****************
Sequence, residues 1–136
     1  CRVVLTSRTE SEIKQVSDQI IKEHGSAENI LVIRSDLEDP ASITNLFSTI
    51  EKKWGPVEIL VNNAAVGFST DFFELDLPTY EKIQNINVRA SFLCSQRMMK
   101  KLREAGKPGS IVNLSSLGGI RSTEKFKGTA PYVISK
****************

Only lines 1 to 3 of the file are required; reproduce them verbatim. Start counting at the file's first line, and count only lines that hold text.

Sequence, residues 1–136
     1  CRVVLTSRTE SEIKQVSDQI IKEHGSAENI LVIRSDLEDP ASITNLFSTI
    51  EKKWGPVEIL VNNAAVGFST DFFELDLPTY EKIQNINVRA SFLCSQRMMK